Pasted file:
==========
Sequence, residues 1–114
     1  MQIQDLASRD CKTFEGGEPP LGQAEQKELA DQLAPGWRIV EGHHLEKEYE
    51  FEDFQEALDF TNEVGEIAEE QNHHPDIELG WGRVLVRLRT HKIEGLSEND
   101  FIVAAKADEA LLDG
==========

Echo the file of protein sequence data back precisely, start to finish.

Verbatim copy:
Sequence, residues 1–114
     1  MQIQDLASRD CKTFEGGEPP LGQAEQKELA DQLAPGWRIV EGHHLEKEYE
    51  FEDFQEALDF TNEVGEIAEE QNHHPDIELG WGRVLVRLRT HKIEGLSEND
   101  FIVAAKADEA LLDG